Afterall, customer experience is something that is front of mind for business strategies; a priority for 42%, second only to the immediate priority of adjusting to the COVID-19 environment. Respondents in the travel sector, perhaps the sector hit hardest by the pandemic crisis, are most focussed on improving customer experience, after adjusting to COVID-19 conditions. By contrast, digital banking, including lenders and FinTechs, are most focussed on achieving growth in their current markets.

Michael Rennie, Chief Digital Officer at specialist bank, Cynergy Bank: “At Cynergy Bank, there is a huge focus on creating efficiencies. Ultimately, if we can invest in creating efficiencies, it not only reduces costs for us but more importantly, allows us to deliver what our customers need, when they need it. This could be providing quicker lending decisions or access to finance, enabling our customers to meet their goals for their businesses.”

And, as businesses are increasingly extending their customer experience management to employees and partners - with business leaders sharing concerns that payment inefficiency could impact internal relationships between teams and departments (35%) - the benefits of identifying and addressing the inefficiencies, cutting costs and improving the customer experience, really are far-reaching.

5 key areas for UK businesses to drive payment efficiencies

Key themes emerged throughout the interviews around how business leaders see companies overcoming the payments quandary and shoring up their process efficiencies. As such, business, operations and tech leaders should be looking to drive end-to-end payment process efficiencies in five key areas:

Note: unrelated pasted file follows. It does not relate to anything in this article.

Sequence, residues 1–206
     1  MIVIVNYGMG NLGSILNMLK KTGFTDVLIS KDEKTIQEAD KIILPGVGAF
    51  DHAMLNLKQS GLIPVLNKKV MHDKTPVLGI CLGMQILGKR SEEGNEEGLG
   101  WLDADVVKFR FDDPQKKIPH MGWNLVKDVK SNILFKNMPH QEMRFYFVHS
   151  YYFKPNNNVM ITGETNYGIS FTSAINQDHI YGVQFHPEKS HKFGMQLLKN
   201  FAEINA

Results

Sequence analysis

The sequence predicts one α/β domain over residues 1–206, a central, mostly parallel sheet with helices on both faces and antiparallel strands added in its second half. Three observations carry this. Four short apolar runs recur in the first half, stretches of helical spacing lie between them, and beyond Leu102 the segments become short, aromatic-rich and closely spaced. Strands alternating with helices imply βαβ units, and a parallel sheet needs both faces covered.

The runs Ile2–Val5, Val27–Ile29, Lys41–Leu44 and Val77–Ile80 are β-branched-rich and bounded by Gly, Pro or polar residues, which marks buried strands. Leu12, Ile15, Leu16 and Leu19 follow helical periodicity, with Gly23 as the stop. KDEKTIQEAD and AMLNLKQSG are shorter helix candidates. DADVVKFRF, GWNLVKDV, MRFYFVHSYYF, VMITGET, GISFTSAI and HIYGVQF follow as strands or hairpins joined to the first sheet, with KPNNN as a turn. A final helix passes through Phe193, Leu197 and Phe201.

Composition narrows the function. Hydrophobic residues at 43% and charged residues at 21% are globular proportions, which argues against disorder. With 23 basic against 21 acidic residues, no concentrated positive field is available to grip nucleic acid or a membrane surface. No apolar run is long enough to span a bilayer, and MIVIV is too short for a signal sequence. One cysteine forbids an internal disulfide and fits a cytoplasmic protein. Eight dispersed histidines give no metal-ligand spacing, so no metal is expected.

1 - Locate hidden payment process inefficiencies

Visibility is a key issue. Respondents across large (46%) and small businesses (47%) say they have very clear metrics directly related to payment process costs. Only 8% say that they don’t understand the costs involved. Yet, businesses know they could do better with improved visibility of costs. Both large and smaller companies cite ‘lack of visibility for operational costs’ as the top challenge when it comes to achieving strategic goals around payment process and money services provision.

Digital banking companies, including lenders and FinTechs, identified ‘lack of visibility for operational cost’ as a challenge when it comes to increasing payment services revenue (37%). This is in comparison with all respondents mentioning other issues such as lack of skills (25%) and constrained resources (25%) as secondary and tertiary challenges respectively.

When asked, 'What would be the perceived performance improvement (% improvement of your overall business performance) from addressing the hidden costs of payments to your business?’, around three quarters of companies of all sizes expect to see a productivity improvement between 6% and 35%. Yet, 38% believe that it is hard to demonstrate the cost saving benefits to the business, and 34% report that there are internal disagreements about cost management priorities.

For many businesses, developing a cost model for current and projected payment process costs, both hard and hidden, is a top priority.


2 - Make payments key to stakeholder experience management